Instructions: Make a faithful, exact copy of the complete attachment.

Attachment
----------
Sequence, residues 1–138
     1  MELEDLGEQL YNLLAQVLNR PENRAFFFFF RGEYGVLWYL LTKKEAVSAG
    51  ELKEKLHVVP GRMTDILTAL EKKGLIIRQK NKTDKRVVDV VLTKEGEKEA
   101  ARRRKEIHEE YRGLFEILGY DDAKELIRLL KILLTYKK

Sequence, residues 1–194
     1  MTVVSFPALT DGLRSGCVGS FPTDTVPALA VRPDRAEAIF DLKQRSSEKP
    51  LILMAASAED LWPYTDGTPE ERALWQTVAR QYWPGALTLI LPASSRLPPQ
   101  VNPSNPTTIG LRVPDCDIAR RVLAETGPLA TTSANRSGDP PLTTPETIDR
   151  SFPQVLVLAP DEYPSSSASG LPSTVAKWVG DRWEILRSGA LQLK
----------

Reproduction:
Sequence, residues 1–138
     1  MELEDLGEQL YNLLAQVLNR PENRAFFFFF RGEYGVLWYL LTKKEAVSAG
    51  ELKEKLHVVP GRMTDILTAL EKKGLIIRQK NKTDKRVVDV VLTKEGEKEA
   101  ARRRKEIHEE YRGLFEILGY DDAKELIRLL KILLTYKK

Sequence, residues 1–194
     1  MTVVSFPALT DGLRSGCVGS FPTDTVPALA VRPDRAEAIF DLKQRSSEKP
    51  LILMAASAED LWPYTDGTPE ERALWQTVAR QYWPGALTLI LPASSRLPPQ
   101  VNPSNPTTIG LRVPDCDIAR RVLAETGPLA TTSANRSGDP PLTTPETIDR
   151  SFPQVLVLAP DEYPSSSASG LPSTVAKWVG DRWEILRSGA LQLK